Government Fund Weekly News Roundup — Global Real Estate Attracts SWF Capital

November 13, 2015 by Loch Adamson

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Sovereign wealth funds’ appetite for real estate continues, as the Qatar Investment Authority and China Investment Corp. line up big property deals. The Kuwait Investment Authority eyes new private equity investments in Russia and U.S. Meanwhile, Korea’s National Pension Service loses two top executives.


Residential Real Estate

Government funds continue to plow capital into global real estate. This week a joint venture between the Qatar Investment Authority (QIA) and the Ascott, a unit of Singapore-based property developer CapitaLand, made its first investments. The venture acquired Somerset Shinagawa Tokyo, an apartment building in the Japanese capital, and an office property in Paris that the partners plan to redevelop into a serviced-residence complex.

The venture bought the two assets for a combined $104 million, and will spend a further $43 million to redevelop the Parisian property, which will re-open under the Ascott's Citadines brand in 2018. QIA’s peer, Singapore’s $194 billion state investor Temasek Holdings, also has an interest in the deal; Temasek is a part-owner of CapitaLand.

Rising prices on mature real estate assets have led some funds to turn their attention to brownfield sites, where they can acquire properties at a lower price in return for taking on some development risk. The $747 billion China Investment Corp. (CIC), for example, is reportedly in talks with Australian commercial real estate developer Goodman Group to buy a brownfield site in Sydney for A$660 million ($465 million). The land, which currently lies in an industrial district of the city, has been earmarked for a residential development by the New South Wales government.

Norway Wants to Triple Property Allocation

As its government peers expand their real estate portfolios, Norway’s fund aims to follow suit. Norges Bank Investment Management (NBIM), the arm of the central bank that oversees Norway’s $830 billion Government Pension Fund Global (GPFG), currently allocates 3 percent of GPFG’s portfolio to property, and is targeting an allocation of 5 percent, the maximum it is allowed to invest in real estate.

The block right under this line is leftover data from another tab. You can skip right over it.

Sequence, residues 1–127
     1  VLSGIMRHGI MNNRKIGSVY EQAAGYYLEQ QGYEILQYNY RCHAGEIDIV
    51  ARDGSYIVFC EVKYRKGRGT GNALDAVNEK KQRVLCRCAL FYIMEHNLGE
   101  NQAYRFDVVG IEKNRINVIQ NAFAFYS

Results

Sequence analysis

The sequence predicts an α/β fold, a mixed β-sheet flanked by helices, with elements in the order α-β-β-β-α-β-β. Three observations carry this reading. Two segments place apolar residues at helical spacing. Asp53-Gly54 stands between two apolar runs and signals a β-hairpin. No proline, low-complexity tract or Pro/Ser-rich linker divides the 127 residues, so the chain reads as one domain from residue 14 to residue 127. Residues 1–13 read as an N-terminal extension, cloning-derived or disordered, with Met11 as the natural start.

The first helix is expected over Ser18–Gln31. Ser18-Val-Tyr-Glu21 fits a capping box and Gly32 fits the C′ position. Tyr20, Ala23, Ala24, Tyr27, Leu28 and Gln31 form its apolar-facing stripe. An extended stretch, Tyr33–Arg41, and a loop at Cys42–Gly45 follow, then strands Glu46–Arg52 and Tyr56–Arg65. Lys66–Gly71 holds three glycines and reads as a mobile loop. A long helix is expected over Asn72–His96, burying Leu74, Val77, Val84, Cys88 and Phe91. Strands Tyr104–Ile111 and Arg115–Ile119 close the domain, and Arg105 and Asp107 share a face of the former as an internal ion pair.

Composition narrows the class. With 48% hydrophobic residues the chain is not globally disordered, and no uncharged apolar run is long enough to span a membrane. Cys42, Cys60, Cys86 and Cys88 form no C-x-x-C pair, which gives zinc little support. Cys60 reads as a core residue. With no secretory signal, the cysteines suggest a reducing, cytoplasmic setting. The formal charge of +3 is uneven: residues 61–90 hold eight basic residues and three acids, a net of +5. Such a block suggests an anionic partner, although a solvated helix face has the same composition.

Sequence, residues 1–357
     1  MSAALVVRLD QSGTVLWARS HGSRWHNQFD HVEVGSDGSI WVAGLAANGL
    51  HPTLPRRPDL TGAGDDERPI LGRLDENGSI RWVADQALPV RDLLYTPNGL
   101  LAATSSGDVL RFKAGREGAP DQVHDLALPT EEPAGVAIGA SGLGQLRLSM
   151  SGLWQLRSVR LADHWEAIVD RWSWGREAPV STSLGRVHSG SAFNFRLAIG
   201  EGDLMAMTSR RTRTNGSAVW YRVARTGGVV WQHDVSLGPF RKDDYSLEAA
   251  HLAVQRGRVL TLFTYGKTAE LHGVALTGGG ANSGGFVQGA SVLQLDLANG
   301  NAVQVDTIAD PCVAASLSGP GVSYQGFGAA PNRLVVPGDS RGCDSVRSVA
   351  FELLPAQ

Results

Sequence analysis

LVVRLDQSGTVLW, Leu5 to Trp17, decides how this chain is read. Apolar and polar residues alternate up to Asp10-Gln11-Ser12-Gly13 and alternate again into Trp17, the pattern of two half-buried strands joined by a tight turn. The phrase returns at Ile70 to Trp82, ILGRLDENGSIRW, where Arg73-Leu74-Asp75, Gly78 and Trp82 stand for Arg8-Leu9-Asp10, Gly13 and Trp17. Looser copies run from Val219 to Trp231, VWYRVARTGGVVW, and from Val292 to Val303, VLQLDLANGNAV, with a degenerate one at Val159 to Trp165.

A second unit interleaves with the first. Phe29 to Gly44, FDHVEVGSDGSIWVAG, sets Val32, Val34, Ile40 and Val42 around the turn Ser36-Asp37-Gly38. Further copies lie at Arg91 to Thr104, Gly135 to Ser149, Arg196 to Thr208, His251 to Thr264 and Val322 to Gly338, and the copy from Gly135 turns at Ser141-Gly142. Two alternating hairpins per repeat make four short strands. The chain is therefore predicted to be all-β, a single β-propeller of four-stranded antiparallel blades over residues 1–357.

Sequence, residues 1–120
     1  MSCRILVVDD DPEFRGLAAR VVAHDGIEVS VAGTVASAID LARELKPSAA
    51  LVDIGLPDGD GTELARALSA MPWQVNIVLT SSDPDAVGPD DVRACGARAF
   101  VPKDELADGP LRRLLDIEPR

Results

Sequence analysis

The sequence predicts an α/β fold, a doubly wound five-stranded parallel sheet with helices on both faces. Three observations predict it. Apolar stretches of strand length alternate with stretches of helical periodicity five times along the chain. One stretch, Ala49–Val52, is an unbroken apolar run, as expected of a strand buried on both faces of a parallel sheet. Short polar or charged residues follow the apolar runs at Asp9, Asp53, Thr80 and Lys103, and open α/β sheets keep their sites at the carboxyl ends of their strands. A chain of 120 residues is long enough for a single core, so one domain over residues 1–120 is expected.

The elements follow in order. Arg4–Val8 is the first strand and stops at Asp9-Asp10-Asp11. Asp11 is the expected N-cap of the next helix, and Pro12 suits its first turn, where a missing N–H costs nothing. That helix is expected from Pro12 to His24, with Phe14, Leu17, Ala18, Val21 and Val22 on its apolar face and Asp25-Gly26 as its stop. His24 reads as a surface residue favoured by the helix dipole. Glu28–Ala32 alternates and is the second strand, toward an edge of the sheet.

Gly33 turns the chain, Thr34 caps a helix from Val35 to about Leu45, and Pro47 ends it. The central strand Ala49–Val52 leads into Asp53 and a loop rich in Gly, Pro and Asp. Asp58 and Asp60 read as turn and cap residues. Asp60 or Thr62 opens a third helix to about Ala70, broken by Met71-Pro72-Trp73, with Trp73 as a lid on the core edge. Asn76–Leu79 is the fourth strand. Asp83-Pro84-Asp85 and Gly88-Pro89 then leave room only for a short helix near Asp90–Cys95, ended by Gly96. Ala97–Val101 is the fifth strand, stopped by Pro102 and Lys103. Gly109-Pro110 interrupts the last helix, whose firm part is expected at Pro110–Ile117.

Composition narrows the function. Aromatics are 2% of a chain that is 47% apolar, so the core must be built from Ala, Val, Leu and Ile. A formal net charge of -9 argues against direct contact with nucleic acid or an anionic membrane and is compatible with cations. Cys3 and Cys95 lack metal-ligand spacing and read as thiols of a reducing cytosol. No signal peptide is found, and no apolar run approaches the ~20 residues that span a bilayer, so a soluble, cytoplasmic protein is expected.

Now NBIM has published research suggesting that the optimal real estate portfolio for a large institutional investor is 15 percent. NBIM will have to win government approval to upsize its real-estate holdings.


KIA Eyes Private Equity Deals in Russia, U.S.

According to media reports last month, the Kuwait Investment Authority (KIA) may have to sell approximately 9 billion dinars ($30 billion) worth of assets to help the Kuwaiti government finance a budget deficit. But that hasn’t stopped the $592 billion sovereign wealth fund from eyeing new investments overseas.

This week KIA agreed to allocate an additional $500 million to its co-investment arrangement with state-owned private equity firm the Russian Direct Investment Fund (RDIF). KIA became RDIF's first international partner in 2012, when the Kuwaiti fund agreed to allocate an initial $500 million to co-investments in Russia. As well as doubling the size of its commitment, KIA has also agreed to increase its share in RDIF's automatic co-investment mechanism, through which KIA automatically participates in RDIF's ongoing investment projects.

KIA has also invested in the latest fundraising of Dubai-based car-service provider Careem through its subsidiary, Impulse. Careem operates a smartphone app that arranges car rides between passengers and registered drivers operating in 20 cities from Morocco to Pakistan.


Governance Shake-Up at Korea’s Government Funds

Korea's $446 billion National Pension Service (NPS) is set to lose two of its senior executives. Choi Kwang, the fund's chairman and CEO, reportedly resigned at the end of October, while CIO Hong Wan-Sun's two-year term expired last week. Hong will remain in his post until NPS appoints a successor. Reports in the local press suggested Choi's and Hong's departures were prompted by their disagreements over the fund's organizational structure. The news comes shortly after Hongchul (Hank) Ahn, chairman and CEO of the $85 billion Korea Investment Corp., announced his resignation last week.



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